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London experiencing measles outbreak

Public Health England (PHE) urges parents and young adults to vaccinate against MMR.

London has seen over 60 cases of measles in the last two months in a period when there would usually be fewer than 10. With 48 of these cases in those aged 15 or over, PHE is calling on parents and young adults to consider the MMR vaccine.

The call to get vaccinated coincides with European Immunisation Week, which is run by the World Health Organisation (WHO) to raise awareness of the importance of vaccination. It also coincides with an increase in measles cases currently being seen across the rest of England.

Measles is a highly infectious viral illness that can be very unpleasant and sometimes lead to serious complications. It's now less common in the UK because of the effective MMR vaccination programme. Although usually a mild illness in children, measles can be more severe in adults.

Vaccine uptake rates in England are currently among the highest in Europe, but an increase is still needed to reach the WHO's 95% target for MMR vaccination in 2 year olds. The current rate in London is just over 87%.

Those who are unvaccinated, or not fully vaccinated, remain susceptible to the disease. The MMR vaccination also provides protection against two other common highly infectious diseases: mumps and rubella.

Dr Yvonne Doyle, regional director for PHE in London, said:

"We are seeing an increase in measles cases across London which could be considered an outbreak. The cases are being confirmed mainly in adolescents and young adults, and it's never too late for them to have the vaccine. Those who have not received two doses of the vaccine in the past – or who are unsure – should speak to their GP. There's no harm in receiving an additional dose where there is any uncertainty.

"Public Health England asks that parents – and young adults – remain alert to measles. Signs to look out for can include cold-like symptoms, sore red eyes, a high temperature or a red-brown blotchy rash. Those experiencing symptoms should seek medical attention, but phone ahead before visiting GP practices so arrangements can be made to prevent others from being infected."

"It's crucial pregnant women have been vaccinated with MMR as Rubella in particular can cause serious complications during pregnancy. The MMR vaccination provides you and your baby important protection and can be given before you become pregnant or after you've given birth. Pregnant women who are unsure if they've been vaccinated should check with their GPs."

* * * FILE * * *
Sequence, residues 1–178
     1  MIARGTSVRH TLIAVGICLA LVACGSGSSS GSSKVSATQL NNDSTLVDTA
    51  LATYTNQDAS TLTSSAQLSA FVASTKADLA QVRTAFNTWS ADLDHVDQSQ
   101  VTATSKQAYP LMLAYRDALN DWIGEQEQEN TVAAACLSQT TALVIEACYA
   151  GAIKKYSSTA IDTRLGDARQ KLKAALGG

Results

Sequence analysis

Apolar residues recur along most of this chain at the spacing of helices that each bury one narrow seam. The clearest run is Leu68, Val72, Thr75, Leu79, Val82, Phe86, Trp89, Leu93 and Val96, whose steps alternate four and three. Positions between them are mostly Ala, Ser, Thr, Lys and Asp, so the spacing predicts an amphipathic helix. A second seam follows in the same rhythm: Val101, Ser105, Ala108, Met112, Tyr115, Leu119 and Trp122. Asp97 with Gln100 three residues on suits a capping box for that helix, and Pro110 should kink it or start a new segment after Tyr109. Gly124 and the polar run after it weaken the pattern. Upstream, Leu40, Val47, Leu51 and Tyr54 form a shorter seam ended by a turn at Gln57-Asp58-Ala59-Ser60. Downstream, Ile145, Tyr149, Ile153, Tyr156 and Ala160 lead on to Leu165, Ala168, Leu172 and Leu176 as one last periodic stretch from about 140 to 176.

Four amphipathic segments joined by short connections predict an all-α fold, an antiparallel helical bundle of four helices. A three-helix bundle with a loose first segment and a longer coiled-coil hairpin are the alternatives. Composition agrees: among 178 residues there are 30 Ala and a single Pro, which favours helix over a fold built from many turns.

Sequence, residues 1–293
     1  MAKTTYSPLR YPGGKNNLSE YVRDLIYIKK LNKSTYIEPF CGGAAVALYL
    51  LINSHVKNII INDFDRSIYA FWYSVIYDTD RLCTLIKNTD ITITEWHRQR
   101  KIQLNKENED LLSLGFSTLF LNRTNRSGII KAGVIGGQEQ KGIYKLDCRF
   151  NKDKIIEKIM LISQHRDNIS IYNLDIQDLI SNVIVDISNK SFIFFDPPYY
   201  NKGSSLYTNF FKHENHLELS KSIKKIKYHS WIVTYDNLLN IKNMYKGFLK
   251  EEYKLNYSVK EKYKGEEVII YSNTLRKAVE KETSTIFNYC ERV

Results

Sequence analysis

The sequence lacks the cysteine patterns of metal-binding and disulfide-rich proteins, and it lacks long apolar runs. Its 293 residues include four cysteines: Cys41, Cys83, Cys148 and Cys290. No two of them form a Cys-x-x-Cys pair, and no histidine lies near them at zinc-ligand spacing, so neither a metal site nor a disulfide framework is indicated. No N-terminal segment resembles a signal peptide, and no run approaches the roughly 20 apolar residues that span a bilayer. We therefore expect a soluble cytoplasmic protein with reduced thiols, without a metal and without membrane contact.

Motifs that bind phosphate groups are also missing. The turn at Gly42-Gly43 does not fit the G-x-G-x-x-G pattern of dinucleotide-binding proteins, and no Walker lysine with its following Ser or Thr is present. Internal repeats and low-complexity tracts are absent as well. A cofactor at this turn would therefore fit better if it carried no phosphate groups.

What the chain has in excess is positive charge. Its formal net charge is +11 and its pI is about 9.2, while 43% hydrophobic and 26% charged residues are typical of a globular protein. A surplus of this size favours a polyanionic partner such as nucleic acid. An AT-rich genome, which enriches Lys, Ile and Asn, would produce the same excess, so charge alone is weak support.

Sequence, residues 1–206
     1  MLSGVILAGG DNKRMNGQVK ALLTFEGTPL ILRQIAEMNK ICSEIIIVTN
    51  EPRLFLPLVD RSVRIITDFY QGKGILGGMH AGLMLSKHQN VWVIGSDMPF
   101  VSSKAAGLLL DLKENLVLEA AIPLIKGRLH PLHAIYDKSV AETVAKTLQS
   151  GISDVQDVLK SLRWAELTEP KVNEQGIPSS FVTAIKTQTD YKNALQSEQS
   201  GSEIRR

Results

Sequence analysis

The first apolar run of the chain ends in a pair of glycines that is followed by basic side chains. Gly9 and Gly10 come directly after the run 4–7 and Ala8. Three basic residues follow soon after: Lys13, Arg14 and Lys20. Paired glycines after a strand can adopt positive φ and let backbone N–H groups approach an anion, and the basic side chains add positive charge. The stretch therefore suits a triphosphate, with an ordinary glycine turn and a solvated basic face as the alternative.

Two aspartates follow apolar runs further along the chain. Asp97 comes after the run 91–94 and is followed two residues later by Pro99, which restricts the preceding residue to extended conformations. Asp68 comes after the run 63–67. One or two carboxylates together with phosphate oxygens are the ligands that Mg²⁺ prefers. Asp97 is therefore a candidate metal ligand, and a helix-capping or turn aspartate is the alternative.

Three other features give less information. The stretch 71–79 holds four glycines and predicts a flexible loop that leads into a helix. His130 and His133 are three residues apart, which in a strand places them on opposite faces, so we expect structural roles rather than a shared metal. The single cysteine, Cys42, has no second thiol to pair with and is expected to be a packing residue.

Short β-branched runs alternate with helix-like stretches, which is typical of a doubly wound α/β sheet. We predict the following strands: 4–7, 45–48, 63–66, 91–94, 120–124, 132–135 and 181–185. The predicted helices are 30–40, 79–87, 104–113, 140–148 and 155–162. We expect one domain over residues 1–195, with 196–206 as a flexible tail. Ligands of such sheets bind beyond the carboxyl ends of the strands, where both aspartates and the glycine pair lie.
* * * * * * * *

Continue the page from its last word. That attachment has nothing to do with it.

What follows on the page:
Notes to Editors

Public Health England exists to protect and improve the nation's health and wellbeing, and reduce health inequalities. It does this through world-class science, knowledge and intelligence, advocacy, partnerships and the delivery of specialist public health services. PHE is an operationally autonomous executive agency of the Department of Health. Website: Twitter: @PHE_uk, Facebook:

  • Coverage of the first dose of MMR vaccine in the UK is high among infants, with more than 90% of children receiving one dose of the vaccine by 2 years of age since 2011. The latest figures for the October – December 2015 quarter show MMR coverage of one dose at 2 years is 92.0% and at five years remains close to the WHO target at 94.9%. Coverage of the second dose at 5 years is 88.3%.
  • Vaccines for mumps and rubella became available in 1967 and 1969, respectively. The three vaccines (for mumps, measles, and rubella) were combined in 1971 to become the measles-mumps-rubella (MMR) vaccine.
  • People who have been in close contact with someone who has measles should see their GP, if they have not been fully vaccinated (had two doses of the MMR vaccine) or haven't had the infection before – particularly those who are immunosuppressed, pregnant or infants.
  • Women of child bearing age, particularly those thinking of starting a family, should be immune to rubella as this infection can have serious complications in pregnancy. Any women unsure of their MMR immunisation status should seek advice from their GP but wait one month after the last dose of MMR before becoming pregnant. As the vaccine cannot be given in pregnancy, post-natal women should check their MMR immunisation status with their GP at their 6 week maternal check.
For media enquiries contact: 
Public Health England
London press office
Tel: 020 7811 7243 / 7242/ 7254
Out of hours telephone: 020 8200 4400
Email: Follow them on Twitter @PHE_London​